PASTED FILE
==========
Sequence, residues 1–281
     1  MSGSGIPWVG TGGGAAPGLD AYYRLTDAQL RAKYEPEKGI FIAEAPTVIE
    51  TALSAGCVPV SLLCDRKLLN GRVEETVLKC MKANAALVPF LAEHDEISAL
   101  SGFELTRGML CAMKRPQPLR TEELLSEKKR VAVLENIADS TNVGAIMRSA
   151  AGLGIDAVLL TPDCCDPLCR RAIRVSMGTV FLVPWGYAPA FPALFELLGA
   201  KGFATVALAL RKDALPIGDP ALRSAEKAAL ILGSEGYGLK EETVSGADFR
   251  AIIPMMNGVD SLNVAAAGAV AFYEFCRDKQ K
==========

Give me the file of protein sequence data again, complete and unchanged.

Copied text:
Sequence, residues 1–281
     1  MSGSGIPWVG TGGGAAPGLD AYYRLTDAQL RAKYEPEKGI FIAEAPTVIE
    51  TALSAGCVPV SLLCDRKLLN GRVEETVLKC MKANAALVPF LAEHDEISAL
   101  SGFELTRGML CAMKRPQPLR TEELLSEKKR VAVLENIADS TNVGAIMRSA
   151  AGLGIDAVLL TPDCCDPLCR RAIRVSMGTV FLVPWGYAPA FPALFELLGA
   201  KGFATVALAL RKDALPIGDP ALRSAEKAAL ILGSEGYGLK EETVSGADFR
   251  AIIPMMNGVD SLNVAAAGAV AFYEFCRDKQ K